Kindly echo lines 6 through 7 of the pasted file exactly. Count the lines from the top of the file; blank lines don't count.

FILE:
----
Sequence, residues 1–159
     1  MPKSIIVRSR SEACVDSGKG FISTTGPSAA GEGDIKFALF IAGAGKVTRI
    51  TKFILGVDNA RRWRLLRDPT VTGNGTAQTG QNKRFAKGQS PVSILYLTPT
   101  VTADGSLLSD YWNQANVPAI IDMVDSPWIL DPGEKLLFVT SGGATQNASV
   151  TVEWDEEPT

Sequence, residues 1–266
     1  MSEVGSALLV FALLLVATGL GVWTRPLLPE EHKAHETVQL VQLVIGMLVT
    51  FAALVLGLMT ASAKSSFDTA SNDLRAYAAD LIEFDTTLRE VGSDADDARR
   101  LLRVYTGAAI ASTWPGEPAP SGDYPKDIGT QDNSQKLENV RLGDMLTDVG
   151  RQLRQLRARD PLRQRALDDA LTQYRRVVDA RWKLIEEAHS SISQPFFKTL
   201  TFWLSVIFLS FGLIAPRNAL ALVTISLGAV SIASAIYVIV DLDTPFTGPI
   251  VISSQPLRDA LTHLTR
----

Sequence, residues 1–266
     1  MSEVGSALLV FALLLVATGL GVWTRPLLPE EHKAHETVQL VQLVIGMLVT